There was no timely objection to the verdict instruction at trial. Since there was no issue raised at trial that the verdict instruction was contradictory and faulty in nature, such issue has been procedurally defaulted and is therefore normally under such circumstances unavailable on appeal. England v. State (1988), Ind., 530 N.E.2d 100. However, we may bypass an error that a party procedurally defaults when we believe that the error is plain or fundamental. To qualify as "fundamental error," the error must be a substantial blatant violation of basic principles rendering the trial unfair to the defendant. Hart v. State (1991), Ind., 578 N.E.2d 336. The appellant bears the burden of proving that the alleged error occurred, and that the error was fundamental in nature. Baird v. State (1992), Ind., 604 N.E.2d 1170. Not all errors a party fails to assert at trial are fundamental errors. Some uncontested errors may be harmless, or otherwise have no substantial impact on the verdict. Such errors are insufficient to overcome the bar of procedural default. See Davis v. State (1992), Ind., 598 N.E.2d 1041. In determining whether a claimed error denies the defendant a fair trial, we consider whether the resulting harm or potential for harm is substantial. The element of harm is not shown by the fact that a defendant was ultimately convicted; rather, it depends upon whether his right to a fair trial was detrimentally affected by the denial of procedural opportunities for the ascertainment of truth to which he otherwise would have been entitled. Hart, 578 N.E.2d 336. Our task is to look at all that happened, including the erroneous action, and decide whether the error had substantial influence upon the verdict to determine whether the trial was unfair.

    The verdict instruction must be considered in conjunction with the element instruction. The element instruction, quoted above, specifies the elements of the crime *731 upon which the State bore the burden of proof and upon which a guilty verdict was required to rest. It required the State to prove a touching of both children. An element instruction is an essential one. Smith v. State (1984), Ind., 459 N.E.2d 355. The trial court's verdict form instruction is diametrically opposed to the element instruction. It relieved the State of the need to prove the commission of a battery upon both children as charged.

    This trial anomaly acted to deny appellant a fair trial and the process that was due to him. This is fundamental error, and because the error is fundamental, we bypass any procedural default to address the substantive merits of the issue. The giving of this instruction was prejudicial error. The conviction is reversed.

    Next, we must determine whether the Double Jeopardy Clauses of the United States and Indiana Constitutions bar retrial of appellant for this charge. Generally, double jeopardy does not bar retrial in cases of reversal for trial error. Warner v. State (1991), Ind., 579 N.E.2d 1307. However, in this case, double jeopardy does bar retrial through collateral estoppel principles. Collateral estoppel in criminal trials is an integral part of the protection against double jeopardy guaranteed by the Fifth and Fourteenth Amendments. Ashe v. Swenson (1970), 397 U.S. 436, 90 S. Ct. 1189, 25 L. Ed. 2d 469. This collateral estoppel requires that when the State has received an adverse decision of a critical issue of fact in a trial, that adverse decision prevents later relitigation of the same issue in a later prosecution. Harris v. Washington (1971), 404 U.S. 55, 92 S. Ct. 183, 30 L. Ed. 2d 212. The verdict, "not guilty of the crime of Battery against Brian Turney" resolved the factual issue against the State of whether Brian had been touched in a rude manner. Any retrial upon this charge would require relitigation of this same factual issue. Therefore, double jeopardy forecloses retrial upon this indictment.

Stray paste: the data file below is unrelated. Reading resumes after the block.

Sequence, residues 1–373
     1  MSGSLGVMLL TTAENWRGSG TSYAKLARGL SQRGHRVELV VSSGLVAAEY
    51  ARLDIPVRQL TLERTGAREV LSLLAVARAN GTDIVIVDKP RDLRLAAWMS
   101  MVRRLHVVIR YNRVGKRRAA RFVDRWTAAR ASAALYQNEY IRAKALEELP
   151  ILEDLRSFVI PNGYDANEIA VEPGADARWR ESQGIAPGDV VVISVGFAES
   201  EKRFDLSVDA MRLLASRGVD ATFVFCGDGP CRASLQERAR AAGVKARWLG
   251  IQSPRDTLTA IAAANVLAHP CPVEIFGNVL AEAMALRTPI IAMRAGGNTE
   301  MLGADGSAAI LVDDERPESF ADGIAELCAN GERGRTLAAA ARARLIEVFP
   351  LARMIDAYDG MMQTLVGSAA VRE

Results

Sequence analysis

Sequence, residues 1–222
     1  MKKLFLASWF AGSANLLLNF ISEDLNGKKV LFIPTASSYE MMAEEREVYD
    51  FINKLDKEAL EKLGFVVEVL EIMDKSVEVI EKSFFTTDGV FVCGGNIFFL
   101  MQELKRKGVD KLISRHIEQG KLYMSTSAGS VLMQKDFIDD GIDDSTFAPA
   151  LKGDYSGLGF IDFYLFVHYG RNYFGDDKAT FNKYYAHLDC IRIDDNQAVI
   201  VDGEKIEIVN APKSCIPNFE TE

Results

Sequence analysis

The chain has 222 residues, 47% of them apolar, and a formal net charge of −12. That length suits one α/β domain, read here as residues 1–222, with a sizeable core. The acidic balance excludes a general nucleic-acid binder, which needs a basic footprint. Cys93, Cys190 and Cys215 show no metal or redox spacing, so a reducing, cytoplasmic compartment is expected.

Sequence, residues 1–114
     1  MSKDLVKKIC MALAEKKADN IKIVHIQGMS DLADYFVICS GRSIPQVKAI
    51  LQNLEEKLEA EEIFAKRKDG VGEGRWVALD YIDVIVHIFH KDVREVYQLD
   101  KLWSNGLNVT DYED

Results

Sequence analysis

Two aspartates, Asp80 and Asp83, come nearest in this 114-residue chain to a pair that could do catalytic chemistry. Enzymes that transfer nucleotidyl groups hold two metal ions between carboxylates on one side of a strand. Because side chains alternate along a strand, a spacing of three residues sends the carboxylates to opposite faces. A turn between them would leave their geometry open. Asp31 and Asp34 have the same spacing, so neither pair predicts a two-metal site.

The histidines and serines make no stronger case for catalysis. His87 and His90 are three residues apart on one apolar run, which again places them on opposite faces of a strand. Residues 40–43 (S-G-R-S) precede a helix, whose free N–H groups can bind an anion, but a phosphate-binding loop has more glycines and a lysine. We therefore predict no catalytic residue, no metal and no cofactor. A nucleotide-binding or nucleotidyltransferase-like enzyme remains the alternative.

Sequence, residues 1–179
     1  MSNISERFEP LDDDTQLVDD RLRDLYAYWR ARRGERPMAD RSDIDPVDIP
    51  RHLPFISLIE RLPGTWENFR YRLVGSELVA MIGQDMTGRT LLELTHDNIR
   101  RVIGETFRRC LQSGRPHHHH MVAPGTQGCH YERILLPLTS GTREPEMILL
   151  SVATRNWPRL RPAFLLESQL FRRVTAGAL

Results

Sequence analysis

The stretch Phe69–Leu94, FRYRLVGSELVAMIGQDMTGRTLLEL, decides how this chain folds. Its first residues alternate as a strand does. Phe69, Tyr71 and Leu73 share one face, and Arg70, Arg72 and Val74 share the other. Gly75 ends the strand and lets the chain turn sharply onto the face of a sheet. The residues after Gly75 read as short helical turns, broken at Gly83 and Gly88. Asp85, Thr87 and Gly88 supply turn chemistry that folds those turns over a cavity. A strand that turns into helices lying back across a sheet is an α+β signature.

The judgment is reversed and the trial court is instructed to discharge the defendant.

    DICKSON, J., concurs.

    SHEPARD, C.J., concurs with separate opinion, in which DICKSON, J., concurs. GIVAN, J., agrees that appellant may be retried.

    GIVAN, J., dissents with separate opinion.

    SULLIVAN, J., dissents with separate opinion.

    SHEPARD, Chief Justice, concurring.

    I join in the Court's opinion, including the declaration that the Double Jeopardy Clause prevents a second trial on "this charge," namely, the charge that Townsend committed battery on both children. I do not regard this declaration as a decision concerning the possibility of retrial on a new information charging battery on Sky Turner.

    DICKSON, J., joins in this concurrence.

    GIVAN, J., agrees that appellant may be retried.

    GIVAN, Justice, dissenting.

    I respectfully dissent from the majority opinion. In the first place, the opinion of the Court of Appeals, reported at 616 N.E.2d 47, is correct. In the case at bar, the charging information was defective in that it was duplicitous. However, as pointed out by the Court of Appeals and the majority opinion, the faulty information was not challenged by a motion to dismiss by appellant. Had such a motion been made, the trial court would have been correct in dismissing the charge or in sustaining a motion to quash the information. If such a motion had been sustained, the State would have had the ability to recharge appellant by information which did not violate the statute for duplicity. State v. Taylor (1956), 235 Ind. 632, 137 N.E.2d 537. The Taylor case does not stand alone for this proposition. This is an oft-repeated statement by this Court. See also State v. Carrier (1955), 235 Ind. 456, 134 N.E.2d 688.

    I further would observe that the majority opinion's final statement that "the trial court is instructed to discharge the defendant" is erroneous to the extent it precludes a retrial. Under the present situation, the State should *732 be free to proceed against appellant in a proper fashion.

    The issue of duplicity having been waived there was no error in going to trial on the information and as in all situations where there are two named victims, there is no error where the defendant is convicted as to one victim and acquitted as to the other. Evidence may cure a defect in an information. Helwig v. State (1958), 238 Ind. 559, 153 N.E.2d 437. Here the jury was convinced the evidence showed appellant to be guilty of molesting one child but not the other. The instructions when taken as a whole clearly permitted this result.

    The majority opinion's discussion of double jeopardy is misplaced.

    SULLIVAN, Justice, dissenting.

    I respectfully dissent from the majority's opinion but do so on grounds different from Justice Givan. In my view, Judge Sullivan, in his concurring opinion in the Court of Appeals in this case, Townsend v. State (1993), Ind. App., 616 N.E.2d 47, 50, properly analyzes the issue. Because the jury only convicted Townsend of one battery, the defendant was not prejudiced by the duplicitous indictment.


    [1] The legislature recently reformulated the battery statute. The relevant section is now codified at I.C. § 35-42-2-1(a)(2)(B) (West supp. 1993).

Document Info

DocketNumber: 05S02-9404-CR-358

Citation Numbers: 632 N.E.2d 727

Judges: Debruler

Filed Date: 4/18/1994

Precedential Status: Precedential

Modified Date: 3/13/2018